March 18, 2016

“The train whistled as I neared the railway station. I stood by the door reminiscing my childhood. It has been long since I last visited this place but this year my destiny has decided to take the route to the Land of Kings - Rajasthan. The trademark fragrance of fried delicacies filled the air setting in the mood.As soon as I stepped out of the train, with my rugged suitcase and a backpack, a rabdiwala approached me. “Khamma Gani Sa”, he greeted me offering hot rabdi, a sweet dish, in small mud pots colloquially termed kullads.

My journey began from Abu Road, which is the one of the few places where most of the trains entering Rajasthan stop by. However, for me it was on my route to - Mount Abu, Rajasthan’s only hill station.No matter what time of the day it is you have to squeeze through people standing upright like pillars on the station. I hopped on to the bus relishing the rabdi as I drove through the entwined paths leading to Hilltone Hotel located on the top of mountain.The window glasses blurred my vision as fog settled on it. I wrapped into my sweater admiring the green foliage and the faintly visible rising sun.After an hour long drive, we reached the hotel constructed like a huge cottage decorated with intricately designed artifacts and paintings. The cozy bedrooms complimented the weather and in contrast, the stillness of the surroundings haunted the building. The staff is dressed in traditional robes and pyjamas, always on toe to assist their customers.

After a delicious refreshing breakfast of parathas with curd and badam milk, I headed to the famous Dilwara Temple located about two and a half kilometres from Mount Abu. The vastness of the temple reflected in its monochromatic entrance – the huge dome and marble pillars carved with images of Jain saints as if blessing you. Further inside is the flooring of black and white tiles assembling themselves to form a huge chessboard leading you to the shrine. The entrance reinforces the simplicity of the ancient architects and the interiors spontaneously activate the ‘kind man’ in you.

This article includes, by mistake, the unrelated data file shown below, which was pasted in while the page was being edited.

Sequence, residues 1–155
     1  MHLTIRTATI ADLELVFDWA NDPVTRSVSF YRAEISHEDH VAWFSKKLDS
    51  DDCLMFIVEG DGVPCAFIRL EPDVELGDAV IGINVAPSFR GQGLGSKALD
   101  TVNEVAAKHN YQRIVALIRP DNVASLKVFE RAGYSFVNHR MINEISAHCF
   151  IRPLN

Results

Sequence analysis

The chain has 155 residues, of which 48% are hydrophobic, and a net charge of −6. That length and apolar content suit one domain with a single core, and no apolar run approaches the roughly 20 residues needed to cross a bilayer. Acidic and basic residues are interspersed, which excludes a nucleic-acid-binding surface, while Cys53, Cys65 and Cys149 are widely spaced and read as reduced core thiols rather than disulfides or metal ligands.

After the spiritual indulgence, the bus driver drove me to the romantic ornament of Mount Abu – Nakki Lake. On the way, he narrated the tale behind the strange name. “The lake is believed to be dug by a sage with his nails to satisfy the eligibility criteria set by the parents of his beloved. Today it stands testimony to their eternal love”, he said passionately. A hill station on the desert land, Mount Abu has many other historical sites to indulge with including the Achalgarh Shiva Temple and Gau Mukh Shiva Temple.

The next destination on my map was one of the most sought tourist spot of Rajasthan that vents Rajasthani culture in every gesture – Udaipur. Home to numerous marvels of architecture, Udaipur also nurtures the beautiful lakes of Pichola and Fateh Sagar. Udaipur is an enormous pictorial representation absorbing the entire Rajasthan in a nutshell, transforming even a foreigner into a Rajput, a localite.